The chief sponsor of the successful Minnesota Vikings stadium bill, Republican state Rep. Morrie Lanning, who said just two weeks ago that he expected to the Capitol next year, announced to friends Wednesday and the public Thursday that he would not run for re-election.
Lanning, R-Moorhead, said he realized that he has spent nearly 40 years campaigning – for the Moorhead City Council, then Moorhead Mayor, then, state representative – and had had enough of being in “perpetual campaign mode.”
Republicans and Democrats said Thursday that his decision came as a surprise.
The five-term state representative said his decision was unrelated to finally getting a stadium bill passed and that he thought he would have been re-elected. Now, he said, he can spend more time with his six grandchildren and look for other opportunities.
“Nothing is pre-arranged,” he said.
Asked if he was interested in being appointed to the stadium commission, created for the new Vikings stadium, he said: "I would be open to considering something like that but I would need to know more about what would be expected."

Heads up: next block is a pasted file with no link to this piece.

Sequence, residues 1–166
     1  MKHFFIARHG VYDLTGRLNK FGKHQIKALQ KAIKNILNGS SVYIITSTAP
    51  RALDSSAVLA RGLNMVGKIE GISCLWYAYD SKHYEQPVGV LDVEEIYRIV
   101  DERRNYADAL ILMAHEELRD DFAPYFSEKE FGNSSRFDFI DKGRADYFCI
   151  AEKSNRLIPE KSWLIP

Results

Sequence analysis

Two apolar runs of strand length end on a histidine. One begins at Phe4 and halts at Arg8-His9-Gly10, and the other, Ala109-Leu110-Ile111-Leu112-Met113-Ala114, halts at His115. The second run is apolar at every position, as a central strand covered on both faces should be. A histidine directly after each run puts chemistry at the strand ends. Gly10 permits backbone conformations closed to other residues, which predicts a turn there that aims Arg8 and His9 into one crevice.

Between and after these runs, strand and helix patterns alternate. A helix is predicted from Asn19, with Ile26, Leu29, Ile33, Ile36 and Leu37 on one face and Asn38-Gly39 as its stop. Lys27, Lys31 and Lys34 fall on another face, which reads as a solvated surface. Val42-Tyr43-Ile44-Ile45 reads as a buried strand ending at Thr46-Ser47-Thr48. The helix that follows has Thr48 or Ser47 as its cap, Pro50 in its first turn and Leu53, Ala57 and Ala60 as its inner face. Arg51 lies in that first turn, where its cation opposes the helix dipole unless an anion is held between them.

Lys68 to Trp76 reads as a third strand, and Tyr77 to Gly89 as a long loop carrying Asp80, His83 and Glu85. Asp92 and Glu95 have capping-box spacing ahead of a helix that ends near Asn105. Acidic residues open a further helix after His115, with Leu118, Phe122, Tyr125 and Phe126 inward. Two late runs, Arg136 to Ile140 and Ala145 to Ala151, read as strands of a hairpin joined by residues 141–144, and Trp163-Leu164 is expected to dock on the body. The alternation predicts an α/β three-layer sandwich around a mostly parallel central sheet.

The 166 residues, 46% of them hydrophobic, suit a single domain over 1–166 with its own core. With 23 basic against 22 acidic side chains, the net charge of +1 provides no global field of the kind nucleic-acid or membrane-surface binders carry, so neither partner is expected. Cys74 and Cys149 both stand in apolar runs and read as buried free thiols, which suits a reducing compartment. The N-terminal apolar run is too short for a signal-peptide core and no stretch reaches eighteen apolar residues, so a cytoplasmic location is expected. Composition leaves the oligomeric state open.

Lanning, who was known as a head-down, no drama lawmaker who took on the tough state government and pension committees, said that a Republican candidate would announce for the seat Friday. Democrat Ben Lien, of Moorhead,is already running for the spot.
Amid reports that Donald Trump was in danger of not getting on Minnesota's presidential ballot, the Trump campaign says everything is in order and voters will have a chance to cast their ballot for him in November.
Gene Wilder, the frizzy-haired actor who brought his deft comedic touch to such unforgettable roles as the neurotic accountant in "The Producers" and the deranged animator of "Young Frankenstein," has died. He was 83.